About Me

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I am a below knee amputee. More importantly, I am also Mommy to two boys, a very active 10 year old (Robby) and an mischievous toddler (Timmy). I have learned that being a parent with a disability can create some unusual and sometimes humorous situations. This blogger is available for hire! Let's talk and learn how a blog can expand your business.

Friday, July 22, 2016

Full Blown Funk

I am having a difficult time snapping out of this downtrodden mood. What started as an unsettling series of dreams about my Dad has spiraled into a full blown funk. I'm trying to keep a happy facade, mainly because Robby becomes upset when he knows that I'm sad, but I wish my smile were real. My "stay busy to keep the emotions at bay" approach is resulting in my being exhausted from constant activity, but it hasn't erased my sadness.

I'm still extremely upset about the dreams involving my Dad and my memories of his entering hospice care, but I've also managed to throw some anxiety about Robby into my emotional quagmire.  Jack moves away next week and I know that my little Koopa will be sad to see his friend go. I've tried to expand his friendship circle but have only yielded limited success. It turns out that many kids travel during the summer and, barring involvement in structured activities, social opportunities are rare and difficult to coordinate.

Today we are heading to check out a different pool in our area, one that seems to have more kids than our current one. I'm hopeful that this may, eventually, help to foster some new friendships.  I know that I can't stop Robby from being hurt, but my goodness I want to soften the blow.  Wish us luck!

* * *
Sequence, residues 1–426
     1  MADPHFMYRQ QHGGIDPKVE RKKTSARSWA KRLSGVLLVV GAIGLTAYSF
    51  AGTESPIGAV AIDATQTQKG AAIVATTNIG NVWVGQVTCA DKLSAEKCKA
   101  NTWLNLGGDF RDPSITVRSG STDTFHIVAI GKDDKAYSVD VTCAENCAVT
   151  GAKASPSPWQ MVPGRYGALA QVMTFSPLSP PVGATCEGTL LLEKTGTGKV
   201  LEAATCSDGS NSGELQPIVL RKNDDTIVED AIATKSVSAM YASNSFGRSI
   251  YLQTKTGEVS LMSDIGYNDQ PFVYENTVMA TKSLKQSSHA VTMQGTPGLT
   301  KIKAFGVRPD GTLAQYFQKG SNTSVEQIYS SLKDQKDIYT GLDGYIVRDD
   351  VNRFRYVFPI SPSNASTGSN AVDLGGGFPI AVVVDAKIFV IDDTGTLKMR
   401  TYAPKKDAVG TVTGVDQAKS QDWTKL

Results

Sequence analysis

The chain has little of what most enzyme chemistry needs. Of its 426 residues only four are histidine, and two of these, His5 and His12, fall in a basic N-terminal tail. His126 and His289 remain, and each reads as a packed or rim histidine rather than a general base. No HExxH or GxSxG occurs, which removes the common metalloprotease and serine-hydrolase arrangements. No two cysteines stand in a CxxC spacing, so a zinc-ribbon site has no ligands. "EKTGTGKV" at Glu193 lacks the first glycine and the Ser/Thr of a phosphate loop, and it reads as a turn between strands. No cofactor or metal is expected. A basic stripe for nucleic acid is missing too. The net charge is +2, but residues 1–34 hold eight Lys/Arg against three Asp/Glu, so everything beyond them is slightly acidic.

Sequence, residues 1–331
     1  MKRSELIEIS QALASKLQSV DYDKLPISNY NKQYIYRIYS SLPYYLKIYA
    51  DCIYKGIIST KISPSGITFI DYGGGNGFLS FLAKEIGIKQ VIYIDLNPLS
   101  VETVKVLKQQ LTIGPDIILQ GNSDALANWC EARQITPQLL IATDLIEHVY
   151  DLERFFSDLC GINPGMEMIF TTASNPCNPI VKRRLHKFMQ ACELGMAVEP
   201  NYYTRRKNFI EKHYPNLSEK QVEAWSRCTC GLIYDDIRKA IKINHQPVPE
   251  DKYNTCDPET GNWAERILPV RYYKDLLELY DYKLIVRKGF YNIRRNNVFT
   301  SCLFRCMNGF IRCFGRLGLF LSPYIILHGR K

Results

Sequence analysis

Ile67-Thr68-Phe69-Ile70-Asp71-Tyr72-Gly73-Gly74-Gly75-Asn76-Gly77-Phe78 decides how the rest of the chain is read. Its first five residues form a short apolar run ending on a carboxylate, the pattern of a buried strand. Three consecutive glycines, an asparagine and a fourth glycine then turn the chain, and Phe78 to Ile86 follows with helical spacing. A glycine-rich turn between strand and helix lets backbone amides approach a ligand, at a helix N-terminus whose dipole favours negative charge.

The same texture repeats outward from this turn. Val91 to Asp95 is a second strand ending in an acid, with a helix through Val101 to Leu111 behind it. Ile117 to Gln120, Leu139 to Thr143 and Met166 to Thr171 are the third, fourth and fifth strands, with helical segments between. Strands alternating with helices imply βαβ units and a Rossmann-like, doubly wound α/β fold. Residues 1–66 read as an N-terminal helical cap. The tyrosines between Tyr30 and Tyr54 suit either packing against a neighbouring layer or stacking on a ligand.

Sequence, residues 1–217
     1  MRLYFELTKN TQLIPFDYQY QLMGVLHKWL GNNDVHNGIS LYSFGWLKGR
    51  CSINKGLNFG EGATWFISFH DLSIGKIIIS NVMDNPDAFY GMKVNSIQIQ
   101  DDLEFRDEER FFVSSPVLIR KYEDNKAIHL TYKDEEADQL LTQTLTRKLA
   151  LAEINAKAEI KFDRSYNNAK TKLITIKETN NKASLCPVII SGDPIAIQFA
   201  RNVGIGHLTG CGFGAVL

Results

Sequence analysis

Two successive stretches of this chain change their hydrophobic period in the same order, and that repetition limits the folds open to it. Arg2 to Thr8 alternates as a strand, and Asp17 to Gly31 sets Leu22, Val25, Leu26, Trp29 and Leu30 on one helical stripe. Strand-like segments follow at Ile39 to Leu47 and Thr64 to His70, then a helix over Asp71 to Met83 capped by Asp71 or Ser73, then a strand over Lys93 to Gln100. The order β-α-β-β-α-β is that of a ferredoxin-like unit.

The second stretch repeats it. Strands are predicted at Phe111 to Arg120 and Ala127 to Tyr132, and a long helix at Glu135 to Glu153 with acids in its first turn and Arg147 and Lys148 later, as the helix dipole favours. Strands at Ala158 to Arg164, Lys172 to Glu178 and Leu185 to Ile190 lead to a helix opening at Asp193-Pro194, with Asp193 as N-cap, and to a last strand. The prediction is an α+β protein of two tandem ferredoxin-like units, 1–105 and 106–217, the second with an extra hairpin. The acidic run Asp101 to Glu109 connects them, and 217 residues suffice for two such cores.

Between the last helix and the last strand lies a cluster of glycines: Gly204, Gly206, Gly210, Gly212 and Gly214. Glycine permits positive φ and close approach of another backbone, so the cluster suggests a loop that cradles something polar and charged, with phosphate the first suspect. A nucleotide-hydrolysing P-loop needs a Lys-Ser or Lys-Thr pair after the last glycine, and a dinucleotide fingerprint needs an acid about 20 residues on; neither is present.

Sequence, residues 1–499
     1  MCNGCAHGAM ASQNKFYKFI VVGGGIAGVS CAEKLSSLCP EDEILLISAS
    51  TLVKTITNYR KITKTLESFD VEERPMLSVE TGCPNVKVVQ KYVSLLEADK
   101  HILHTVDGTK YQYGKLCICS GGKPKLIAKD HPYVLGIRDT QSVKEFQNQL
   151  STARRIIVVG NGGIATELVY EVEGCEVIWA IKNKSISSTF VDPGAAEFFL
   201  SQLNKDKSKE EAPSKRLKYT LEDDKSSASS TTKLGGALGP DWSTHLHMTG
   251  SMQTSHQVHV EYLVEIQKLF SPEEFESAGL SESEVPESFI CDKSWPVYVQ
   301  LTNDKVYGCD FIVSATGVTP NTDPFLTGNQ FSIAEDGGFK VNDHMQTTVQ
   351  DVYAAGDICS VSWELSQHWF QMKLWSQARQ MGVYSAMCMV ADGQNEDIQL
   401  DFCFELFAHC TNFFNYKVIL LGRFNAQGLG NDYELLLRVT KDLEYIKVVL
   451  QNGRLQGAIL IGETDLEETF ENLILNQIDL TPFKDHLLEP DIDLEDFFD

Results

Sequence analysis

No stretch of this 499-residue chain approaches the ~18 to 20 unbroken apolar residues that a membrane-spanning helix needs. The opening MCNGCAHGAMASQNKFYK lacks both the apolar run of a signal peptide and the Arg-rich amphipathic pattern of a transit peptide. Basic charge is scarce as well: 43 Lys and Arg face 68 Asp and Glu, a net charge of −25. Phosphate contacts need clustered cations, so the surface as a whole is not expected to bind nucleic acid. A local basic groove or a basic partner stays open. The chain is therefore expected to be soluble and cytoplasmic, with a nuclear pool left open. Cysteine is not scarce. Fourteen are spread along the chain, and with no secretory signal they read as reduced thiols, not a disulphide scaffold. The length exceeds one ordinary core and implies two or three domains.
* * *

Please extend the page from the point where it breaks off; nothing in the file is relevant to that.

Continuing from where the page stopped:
Thursday, July 21, 2016

Staying Busy

In an attempt to hide from the raw emotions brought out by my recent dreams, I spent much of yesterday trying to stay busy. As long as I was engaged with the kids or with a project, my tears stayed at bay. It was during those brief moments of solitude that the delayed guilt/grief swept over me like a tidal wave. Thankfully Timmy was more than happy to occupy the majority of my day, so my emotional spells were brief and few. 

After Boot Camp we all headed to the farm for the afternoon. To his absolute delight, Robby and I spent an hour fishing at the pond. We stopped counting at 10, but it is safe to say that he had a great day reeling them in. Of course he is still timid about unhooking the fish, a less than glamorous duty that falls to me. Scott is highly tactile defensive and quickly bailed on fishing, opting instead to play with Timmy on the playgrounds and jumping pillow. 

When we were finally out of bait, Robby and I packed up and met with Scott and Timmy to pick some peaches. There is nothing comparable to picking a ripe peach and eating it directly off the tree while the juices are flowing from the heat of the sun.  As it turns out, we ended up having peaches in the orchard for lunch.